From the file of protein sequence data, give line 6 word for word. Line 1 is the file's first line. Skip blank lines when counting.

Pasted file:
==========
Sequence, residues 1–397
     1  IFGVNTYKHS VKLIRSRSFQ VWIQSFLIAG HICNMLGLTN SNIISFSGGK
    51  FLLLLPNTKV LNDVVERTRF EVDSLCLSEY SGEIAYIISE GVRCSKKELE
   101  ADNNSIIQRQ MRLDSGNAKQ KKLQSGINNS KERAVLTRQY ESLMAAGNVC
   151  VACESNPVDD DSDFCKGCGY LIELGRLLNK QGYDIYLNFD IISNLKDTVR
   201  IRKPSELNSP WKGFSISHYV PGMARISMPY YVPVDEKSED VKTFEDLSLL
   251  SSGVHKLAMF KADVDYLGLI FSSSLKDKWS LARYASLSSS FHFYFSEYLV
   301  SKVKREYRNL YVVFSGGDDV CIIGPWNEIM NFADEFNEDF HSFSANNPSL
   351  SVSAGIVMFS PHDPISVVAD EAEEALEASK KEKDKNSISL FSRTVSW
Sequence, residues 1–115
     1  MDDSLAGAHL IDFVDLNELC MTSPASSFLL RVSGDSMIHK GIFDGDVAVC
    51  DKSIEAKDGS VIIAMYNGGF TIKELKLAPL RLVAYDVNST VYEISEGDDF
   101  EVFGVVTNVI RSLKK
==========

   201  IRKPSELNSP WKGFSISHYV PGMARISMPY YVPVDEKSED VKTFEDLSLL